Pylon Audio Jasper 25
Review samples supplied by Hexagon Audio
Retail prices in the NL including 21% VAT, per pair:
Black or White Lacquer, Matte: € 5.500
Black or White Lacquer, High Gloss: € 6.000
Any RAL color, Matte or High Gloss: +10%
One of the benefits of being a reviewer is that relatively unknown brands still have a way of finding me. Of course, it also helps if a given distributor (Hexagon Audio in this case) has an eclectic portfolio.
Established in 2011, Pylon Audio currently has a wide range of loudspeakers, of which I will be reviewing their top-of-the-line product Jasper 25.
The bass- and midrange frequencies are reproduced by a pair of 18cm Scan-Speak Revelator mid-woofers (18W/8531G00), while the upper mid frequencies are taken care of by a tweeter with one of the lightest domes in its category, the Scan-Speak D2608/913000. The drivers used in the Jasper 25’s design have been carefully selected, not only in terms of technical parameters but also in a series of subjective tests.
With the Jasper 25, Pylon has moved away from rectangular forms because bent surfaces reduce the formation of standing waves inside the enclosure. The profiled front wall of the enclosure is designed not only to increase the aesthetic experience and visual lightness of the structure but also to align the acoustic centers in the sensitive mid-high section. According to the manufacturer, this helps to achieve the consistency so important for the realism known from listening to live music and it also facilitates the location of instruments within the sound stage.
The Jasper 25’s are quite deep, especially when compared with the very shallow Magicos, but they are narrower and less tall than the S1 mkII’s.
At just over 100 cm tall, 20 cm wide, and 41cm deep, the Jaspers have a well-balanced appearance, relatively narrow from the front and relatively deep to achieve a good internal volume, and as a package neither too small nor too large and at 31kg’s, they are still easy to move around.
Specified at a nominal 4 Ohms and with a 90dB efficiency, the Jaspers should be compatible with a wide range of amplifiers. With a specified bandwidth of 32Hz – 20kHz, listening tests readily confirm that the Jasper 25’s go very deep indeed, and the bass is of good quality, too. However, as I found, their rich and full-bodied tonal balance does favor well-controlled amplifiers.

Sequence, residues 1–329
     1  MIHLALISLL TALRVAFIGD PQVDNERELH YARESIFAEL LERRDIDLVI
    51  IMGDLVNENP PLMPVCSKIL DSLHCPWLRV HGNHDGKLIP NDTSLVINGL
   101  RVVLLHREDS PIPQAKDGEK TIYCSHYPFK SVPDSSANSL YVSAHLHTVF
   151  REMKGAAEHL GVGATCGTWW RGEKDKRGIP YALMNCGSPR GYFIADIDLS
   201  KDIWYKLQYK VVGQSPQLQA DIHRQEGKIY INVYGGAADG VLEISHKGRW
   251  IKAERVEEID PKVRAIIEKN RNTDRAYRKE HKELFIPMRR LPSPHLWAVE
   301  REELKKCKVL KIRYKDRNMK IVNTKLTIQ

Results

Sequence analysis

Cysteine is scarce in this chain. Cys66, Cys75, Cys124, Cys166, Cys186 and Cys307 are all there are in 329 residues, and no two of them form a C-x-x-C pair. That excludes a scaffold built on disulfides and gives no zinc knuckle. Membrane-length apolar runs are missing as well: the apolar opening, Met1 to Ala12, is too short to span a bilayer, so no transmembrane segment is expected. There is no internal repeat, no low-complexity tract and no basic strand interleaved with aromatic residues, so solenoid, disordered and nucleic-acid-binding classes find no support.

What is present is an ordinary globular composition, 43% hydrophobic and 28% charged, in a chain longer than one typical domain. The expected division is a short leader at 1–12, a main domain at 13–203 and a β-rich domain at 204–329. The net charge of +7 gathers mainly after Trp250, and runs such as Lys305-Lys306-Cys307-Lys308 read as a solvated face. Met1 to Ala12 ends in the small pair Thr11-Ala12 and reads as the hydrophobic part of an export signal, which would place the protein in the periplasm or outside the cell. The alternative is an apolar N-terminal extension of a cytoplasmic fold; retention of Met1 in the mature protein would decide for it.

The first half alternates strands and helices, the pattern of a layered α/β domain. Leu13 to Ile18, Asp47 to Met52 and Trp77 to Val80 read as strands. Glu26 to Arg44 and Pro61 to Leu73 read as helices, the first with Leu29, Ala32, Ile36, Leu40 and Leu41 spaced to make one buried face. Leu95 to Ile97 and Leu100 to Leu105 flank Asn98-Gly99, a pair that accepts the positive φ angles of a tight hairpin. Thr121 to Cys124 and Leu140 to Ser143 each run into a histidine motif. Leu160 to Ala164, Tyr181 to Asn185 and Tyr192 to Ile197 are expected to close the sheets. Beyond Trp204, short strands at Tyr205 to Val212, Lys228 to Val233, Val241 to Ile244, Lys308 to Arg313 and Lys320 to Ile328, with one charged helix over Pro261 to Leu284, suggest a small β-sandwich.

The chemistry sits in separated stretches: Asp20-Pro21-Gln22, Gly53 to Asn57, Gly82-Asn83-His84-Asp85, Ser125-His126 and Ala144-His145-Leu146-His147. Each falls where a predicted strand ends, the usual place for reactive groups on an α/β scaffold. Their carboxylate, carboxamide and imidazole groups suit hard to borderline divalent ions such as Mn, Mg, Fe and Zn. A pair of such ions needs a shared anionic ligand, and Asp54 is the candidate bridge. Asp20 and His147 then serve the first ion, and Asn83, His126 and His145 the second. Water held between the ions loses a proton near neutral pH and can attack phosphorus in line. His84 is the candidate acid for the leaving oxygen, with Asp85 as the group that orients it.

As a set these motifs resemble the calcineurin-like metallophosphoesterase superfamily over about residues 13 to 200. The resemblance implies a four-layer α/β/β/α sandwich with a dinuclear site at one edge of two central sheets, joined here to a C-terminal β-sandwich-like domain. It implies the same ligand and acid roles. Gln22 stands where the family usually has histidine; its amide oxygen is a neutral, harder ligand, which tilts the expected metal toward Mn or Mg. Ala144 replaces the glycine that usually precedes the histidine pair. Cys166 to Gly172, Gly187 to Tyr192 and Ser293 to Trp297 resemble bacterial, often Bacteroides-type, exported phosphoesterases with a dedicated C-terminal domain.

The Jasper 25’s will be listened to in a system consisting of the CH Precision C1 DAC connected directly to the CH Precision A1.5 power amplifier via a CH Balanced Link XLR cable. The speaker cables used are mainly the Jorma Trinity, although great results were also achieved with the FoilFlex cables. As digital sources, I will use the Antipodes K50 Music Server, the Aqua LinQ and the Grimm Audio MU1. The analog section normally consists of the Origin Live Calypso mk4 turntable with ViRA Aidas Rainbow cartridge, the CH Precision P1 phono stage, and Ayon Stealth preamp. As a very nice extra, I currently also have the AVID Sequel turntable with Dynavector 10×5 mkII cartridge available.
Starting with the Jaspers in-between the Magico S1 mkII’s, it soon became apparent that they needed more space, so I moved the Magicos off to the sides and that made a marked improvement. After having tried countless positions to the sides, for-, and aft positions of the usual location, it turned out that the Jaspers sounded best when in the exact same position as the Magicos. When moved closer, they would sound attractively direct and upbeat but the bass “gelled” best with the acoustics of my room, and the overall balance proved to be most even, when in the aforementioned optimized positions.
Starting with the digital section, it was readily clear that the Jaspers have a prodigious bottom end. So much so that I feel the upper midrange and treble are comparatively reigned in slightly, or at least that’s the case in my room. Interestingly, with many full-sounding speakers, this usually leads to congestion and an overly warm midrange, but not with the Jaspers. These speakers sound rich and colorful but also clean, open, and foot-tappingly direct, with great communicative powers.
Given that the manufacturer makes use of an anechoic room for their designs, I’m sure that the speakers don’t have a bass hump and actually measure quite linearly but that presumes an ideal room. Mine sure isn’t perfect but after my latest restructuring and treatments, at least all the reflections are dealt with and the room has great phase behavior and no longer gobbles up any bass. However, my room does still have some bass gain that I have been able to balance out but just cannot get rid of entirely. This leads to a great balance with closed-enclosure speakers such as the Magico S series (resulting in a linear balance with the S1 mkII as well as the S3 mkII ), but naturally, the balance is going to be different with multi-driver ported speakers such as the Jaspers, leading to a relatively bass-heavy reproduction. This is not to say that they don’t sound enjoyable, for that, they certainly do! In fact, I think that many music lovers will greatly prefer this over a lean and undernourished presentation.